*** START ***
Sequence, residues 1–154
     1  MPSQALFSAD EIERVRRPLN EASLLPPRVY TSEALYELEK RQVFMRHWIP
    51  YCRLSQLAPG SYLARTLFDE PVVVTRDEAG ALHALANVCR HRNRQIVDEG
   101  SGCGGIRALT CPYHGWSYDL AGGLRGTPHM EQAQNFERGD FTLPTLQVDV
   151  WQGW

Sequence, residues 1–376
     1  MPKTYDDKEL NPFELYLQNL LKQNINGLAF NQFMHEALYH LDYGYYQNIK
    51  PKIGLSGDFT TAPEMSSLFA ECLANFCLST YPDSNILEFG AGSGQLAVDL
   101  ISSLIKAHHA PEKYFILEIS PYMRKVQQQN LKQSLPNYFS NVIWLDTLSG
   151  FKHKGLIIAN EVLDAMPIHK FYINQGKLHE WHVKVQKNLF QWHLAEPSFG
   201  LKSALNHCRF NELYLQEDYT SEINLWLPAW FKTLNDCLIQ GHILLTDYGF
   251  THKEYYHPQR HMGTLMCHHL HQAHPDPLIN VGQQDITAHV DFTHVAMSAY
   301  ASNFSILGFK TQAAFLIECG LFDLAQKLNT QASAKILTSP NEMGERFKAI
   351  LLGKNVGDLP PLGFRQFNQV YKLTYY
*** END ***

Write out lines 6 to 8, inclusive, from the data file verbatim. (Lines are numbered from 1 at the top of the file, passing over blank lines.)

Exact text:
Sequence, residues 1–376
     1  MPKTYDDKEL NPFELYLQNL LKQNINGLAF NQFMHEALYH LDYGYYQNIK
    51  PKIGLSGDFT TAPEMSSLFA ECLANFCLST YPDSNILEFG AGSGQLAVDL